Lance Armstrong Faces More Ridiculous Drug Allegations…With Our Tax Dollars

Lance Armstrong certainly has his share of haters. After 16 years of doping allegations that he was eventually cleared from, the seven-time Tour de France champion was served papers this week accusing him of doping once again–charges that you and I are wrongly paying for with our tax dollars.

Why can’t people just leave him alone?

Armstrong has served as a positive role model and source of inspiration to many over the years. Beating cancer, coming back to win the Tour, helping to fund and cure cancer, taking up triathlons professionally at age 40–and winning them. Quite frankly, the guy just kicks ass.

But now the ridiculous authorities at the U.S. Anti-Doping Agency (USADA) are re-opening doping allegations and legal proceedings against Armstrong and five of his former teammates. As a result, he is banned from competing in anymore international Ironman triathlon races, including Ironman France, which he was slated to race next weekend.

The letter says Armstrong and five former cycling team associates engaged in a doping conspiracy from 1998 to 2011, the Post reported. Apparently, the USADA claims that they collected blood samples from Armstrong in 2009 and 2010 that were “fully consistent with blood manipulation including EPO use and/or blood transfusions.” And they say that riders will testify that Armstrong used EPO, blood transfusions, testosterone and masking agents, and that he distributed and administered drugs to other cyclists from 1998 to 2005.

But Lance is fighting back.

In a statement that he posted yesterday on Facebook, Armstrong defended himself, while pointing out that these charges are being funded with taxpayer dollars:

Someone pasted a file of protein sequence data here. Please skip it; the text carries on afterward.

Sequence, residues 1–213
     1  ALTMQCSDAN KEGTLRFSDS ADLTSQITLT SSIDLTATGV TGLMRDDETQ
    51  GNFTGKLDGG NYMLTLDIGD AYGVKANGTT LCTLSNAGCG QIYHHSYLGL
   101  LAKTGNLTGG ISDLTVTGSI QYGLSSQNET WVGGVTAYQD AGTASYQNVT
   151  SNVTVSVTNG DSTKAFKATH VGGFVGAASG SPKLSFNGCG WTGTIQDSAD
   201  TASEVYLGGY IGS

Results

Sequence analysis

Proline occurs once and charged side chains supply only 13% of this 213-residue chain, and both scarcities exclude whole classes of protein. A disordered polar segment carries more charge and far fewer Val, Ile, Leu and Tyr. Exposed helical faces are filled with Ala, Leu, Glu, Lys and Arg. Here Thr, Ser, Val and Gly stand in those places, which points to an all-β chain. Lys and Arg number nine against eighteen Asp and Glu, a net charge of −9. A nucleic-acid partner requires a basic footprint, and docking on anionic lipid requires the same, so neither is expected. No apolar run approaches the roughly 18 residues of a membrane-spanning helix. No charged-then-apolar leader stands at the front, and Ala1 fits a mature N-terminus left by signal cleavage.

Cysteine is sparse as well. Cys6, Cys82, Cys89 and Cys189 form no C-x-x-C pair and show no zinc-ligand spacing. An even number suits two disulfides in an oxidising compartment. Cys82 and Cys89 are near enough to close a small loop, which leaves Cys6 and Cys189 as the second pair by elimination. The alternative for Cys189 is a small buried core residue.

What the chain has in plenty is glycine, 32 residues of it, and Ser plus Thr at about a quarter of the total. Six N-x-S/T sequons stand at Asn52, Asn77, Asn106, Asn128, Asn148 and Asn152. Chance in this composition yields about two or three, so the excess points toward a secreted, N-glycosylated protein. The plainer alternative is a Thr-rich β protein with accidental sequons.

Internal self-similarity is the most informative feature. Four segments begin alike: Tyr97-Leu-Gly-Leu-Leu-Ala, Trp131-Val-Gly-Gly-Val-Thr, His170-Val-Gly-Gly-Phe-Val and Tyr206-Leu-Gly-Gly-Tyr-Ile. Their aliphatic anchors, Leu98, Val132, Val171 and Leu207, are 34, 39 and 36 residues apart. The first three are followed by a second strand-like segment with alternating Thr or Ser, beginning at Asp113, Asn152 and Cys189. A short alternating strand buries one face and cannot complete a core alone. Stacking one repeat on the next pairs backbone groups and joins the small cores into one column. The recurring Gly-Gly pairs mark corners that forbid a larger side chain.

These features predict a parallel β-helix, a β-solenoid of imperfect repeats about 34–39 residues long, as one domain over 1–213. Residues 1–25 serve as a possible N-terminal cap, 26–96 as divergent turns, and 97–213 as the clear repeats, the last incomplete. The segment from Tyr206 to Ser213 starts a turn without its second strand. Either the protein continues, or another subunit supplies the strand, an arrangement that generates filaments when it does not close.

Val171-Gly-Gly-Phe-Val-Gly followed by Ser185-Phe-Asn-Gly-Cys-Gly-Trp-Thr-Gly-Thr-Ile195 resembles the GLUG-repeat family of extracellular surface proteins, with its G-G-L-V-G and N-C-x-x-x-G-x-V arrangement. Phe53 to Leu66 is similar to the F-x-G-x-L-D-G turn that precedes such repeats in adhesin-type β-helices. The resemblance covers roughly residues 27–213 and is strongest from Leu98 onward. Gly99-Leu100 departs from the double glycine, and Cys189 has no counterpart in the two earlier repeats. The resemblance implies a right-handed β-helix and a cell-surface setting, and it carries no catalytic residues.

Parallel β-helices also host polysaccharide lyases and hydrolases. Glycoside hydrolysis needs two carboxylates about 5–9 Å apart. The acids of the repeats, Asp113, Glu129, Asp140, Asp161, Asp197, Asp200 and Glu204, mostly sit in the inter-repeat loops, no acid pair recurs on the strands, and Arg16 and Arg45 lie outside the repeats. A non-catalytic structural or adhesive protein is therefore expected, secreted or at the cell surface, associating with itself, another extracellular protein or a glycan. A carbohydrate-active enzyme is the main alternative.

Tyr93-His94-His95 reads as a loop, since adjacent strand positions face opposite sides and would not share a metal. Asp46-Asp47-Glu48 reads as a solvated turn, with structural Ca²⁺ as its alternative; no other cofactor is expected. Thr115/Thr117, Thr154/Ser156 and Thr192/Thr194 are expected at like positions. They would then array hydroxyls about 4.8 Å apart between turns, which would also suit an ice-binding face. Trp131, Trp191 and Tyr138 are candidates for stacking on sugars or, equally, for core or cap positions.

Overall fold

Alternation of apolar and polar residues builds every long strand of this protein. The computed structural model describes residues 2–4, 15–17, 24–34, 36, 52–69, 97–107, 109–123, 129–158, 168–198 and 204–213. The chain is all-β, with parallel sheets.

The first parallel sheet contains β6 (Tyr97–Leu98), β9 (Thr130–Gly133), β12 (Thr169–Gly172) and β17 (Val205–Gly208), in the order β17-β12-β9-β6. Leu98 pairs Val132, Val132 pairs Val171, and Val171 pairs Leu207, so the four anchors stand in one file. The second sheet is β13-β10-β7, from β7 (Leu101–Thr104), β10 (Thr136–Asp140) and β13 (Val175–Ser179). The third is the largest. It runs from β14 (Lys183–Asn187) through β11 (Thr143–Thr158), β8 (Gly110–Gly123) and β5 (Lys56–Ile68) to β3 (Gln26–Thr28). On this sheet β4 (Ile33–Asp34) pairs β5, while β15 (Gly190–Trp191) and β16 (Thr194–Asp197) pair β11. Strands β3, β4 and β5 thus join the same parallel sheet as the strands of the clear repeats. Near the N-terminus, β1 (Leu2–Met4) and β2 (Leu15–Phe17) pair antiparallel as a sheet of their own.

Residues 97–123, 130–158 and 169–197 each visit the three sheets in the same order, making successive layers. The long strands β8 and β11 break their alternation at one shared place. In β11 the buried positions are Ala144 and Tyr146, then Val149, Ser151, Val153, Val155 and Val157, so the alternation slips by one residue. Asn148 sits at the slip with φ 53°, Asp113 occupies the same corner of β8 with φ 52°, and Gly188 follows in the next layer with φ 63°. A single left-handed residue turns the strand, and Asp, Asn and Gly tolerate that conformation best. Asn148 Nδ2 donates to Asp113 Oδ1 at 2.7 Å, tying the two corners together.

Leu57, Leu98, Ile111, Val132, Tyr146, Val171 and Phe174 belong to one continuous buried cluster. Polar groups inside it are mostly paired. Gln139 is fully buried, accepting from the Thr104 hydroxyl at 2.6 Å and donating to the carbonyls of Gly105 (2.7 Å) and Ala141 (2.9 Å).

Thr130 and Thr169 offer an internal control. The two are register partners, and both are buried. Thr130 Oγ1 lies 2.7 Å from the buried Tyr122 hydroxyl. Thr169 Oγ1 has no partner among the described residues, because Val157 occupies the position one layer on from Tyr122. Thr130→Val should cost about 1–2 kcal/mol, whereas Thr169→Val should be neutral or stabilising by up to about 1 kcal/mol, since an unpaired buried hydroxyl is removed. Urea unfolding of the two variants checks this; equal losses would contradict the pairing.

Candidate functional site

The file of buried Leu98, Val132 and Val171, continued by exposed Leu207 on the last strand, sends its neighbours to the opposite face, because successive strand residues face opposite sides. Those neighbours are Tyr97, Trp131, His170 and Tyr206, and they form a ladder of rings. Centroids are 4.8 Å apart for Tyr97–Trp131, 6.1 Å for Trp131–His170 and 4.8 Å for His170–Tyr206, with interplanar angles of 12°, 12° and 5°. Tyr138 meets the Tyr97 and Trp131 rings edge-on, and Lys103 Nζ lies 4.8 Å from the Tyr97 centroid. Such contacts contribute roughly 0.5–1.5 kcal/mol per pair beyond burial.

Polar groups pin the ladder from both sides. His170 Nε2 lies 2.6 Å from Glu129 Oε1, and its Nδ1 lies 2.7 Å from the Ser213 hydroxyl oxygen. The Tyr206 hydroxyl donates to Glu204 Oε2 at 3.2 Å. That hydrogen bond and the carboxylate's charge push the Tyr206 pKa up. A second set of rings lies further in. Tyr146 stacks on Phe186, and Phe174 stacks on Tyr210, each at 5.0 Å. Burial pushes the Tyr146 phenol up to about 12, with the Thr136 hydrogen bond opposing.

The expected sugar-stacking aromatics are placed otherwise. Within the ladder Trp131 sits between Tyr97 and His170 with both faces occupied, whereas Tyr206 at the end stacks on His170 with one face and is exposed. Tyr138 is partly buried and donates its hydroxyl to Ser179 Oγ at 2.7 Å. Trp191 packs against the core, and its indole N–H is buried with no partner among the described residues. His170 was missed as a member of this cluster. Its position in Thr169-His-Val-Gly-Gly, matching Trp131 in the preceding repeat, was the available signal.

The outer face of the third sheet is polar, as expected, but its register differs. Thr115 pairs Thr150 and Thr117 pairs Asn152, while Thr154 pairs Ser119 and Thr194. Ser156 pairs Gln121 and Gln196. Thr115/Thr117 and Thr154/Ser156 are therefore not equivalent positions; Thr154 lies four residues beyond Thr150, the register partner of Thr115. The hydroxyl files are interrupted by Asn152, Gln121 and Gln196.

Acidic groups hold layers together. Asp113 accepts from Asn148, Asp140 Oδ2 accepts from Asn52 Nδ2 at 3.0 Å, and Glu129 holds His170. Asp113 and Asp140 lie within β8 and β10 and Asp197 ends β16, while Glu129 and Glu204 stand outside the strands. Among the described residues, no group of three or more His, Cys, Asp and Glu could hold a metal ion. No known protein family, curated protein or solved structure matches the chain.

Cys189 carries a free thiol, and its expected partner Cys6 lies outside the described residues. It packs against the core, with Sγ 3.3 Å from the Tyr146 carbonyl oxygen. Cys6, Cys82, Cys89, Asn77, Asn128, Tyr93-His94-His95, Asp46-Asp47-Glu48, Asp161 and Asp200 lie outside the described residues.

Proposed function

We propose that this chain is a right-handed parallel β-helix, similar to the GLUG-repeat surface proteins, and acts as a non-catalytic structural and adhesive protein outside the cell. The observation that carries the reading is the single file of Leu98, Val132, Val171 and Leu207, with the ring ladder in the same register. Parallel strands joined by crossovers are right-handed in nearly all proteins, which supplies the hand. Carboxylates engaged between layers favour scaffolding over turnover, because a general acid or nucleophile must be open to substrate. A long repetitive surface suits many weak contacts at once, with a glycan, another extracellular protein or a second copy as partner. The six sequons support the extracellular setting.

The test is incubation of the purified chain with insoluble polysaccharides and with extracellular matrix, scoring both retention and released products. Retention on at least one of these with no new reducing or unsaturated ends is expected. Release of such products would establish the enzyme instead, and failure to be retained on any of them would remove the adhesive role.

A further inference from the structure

I have been notified that USADA, an organization largely funded by taxpayer dollars but governed only by self-written rules, intends to again dredge up discredited allegations dating back more than 16 years to prevent me from competing as a triathlete and try and strip me of the seven Tour de France victories I earned. These are the very same charges and the same witnesses that the Justice Department chose not to pursue after a two-year investigation. These charges are baseless, motivated by spite and advanced through testimony bought and paid for by promises of anonymity and immunity. Although USADA alleges a wide-ranging conspiracy extended over more than 16 years, I am the only athlete it has chosen to charge. USADA’s malice, its methods, its star-chamber practices, and its decision to punish first and adjudicate later all are at odds with our ideals of fairness and fair play.

He went on to say:

I have never doped, and, unlike many of my accusers, I have competed as an endurance athlete for 25 years with no spike in performance, passed more than 500 drug tests and never failed one. That USADA ignores this fundamental distinction and charges me instead of the admitted dopers says far more about USADA, its lack of fairness and this vendetta than it does about my guilt or innocence.

Is it just me, or is this a colossal waste of taxpayer dollars?

Tell us if you think this is fair.



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    • Bruce

      I thought this was done after the federal criminal investigation. Why can’t they just leave it alone. May be it’s the world we live in an nobody can believe that somebody can actually win without cheating.

    • Lastango

      The USADA is a self-perpetuating bureaucracy on a mission to create a role for itself. They are closely associated with organizational careerist Dick Pound, who has been mining the international quasi-government greyzone for decades.

      And some previous thoughts from Mr. Armstrong:

      “The investigator concluded that Dick Pound’s conduct against me was motivated by a desire to discredit me because I had publicly challenged his improper conduct in the past and that WADA made false statements to the investigator in an effort to conceal its wrongdoing… This conduct by Pound is just the latest in a long history of ethical transgressions and violations of athletes’ rights by Mr. Pound.”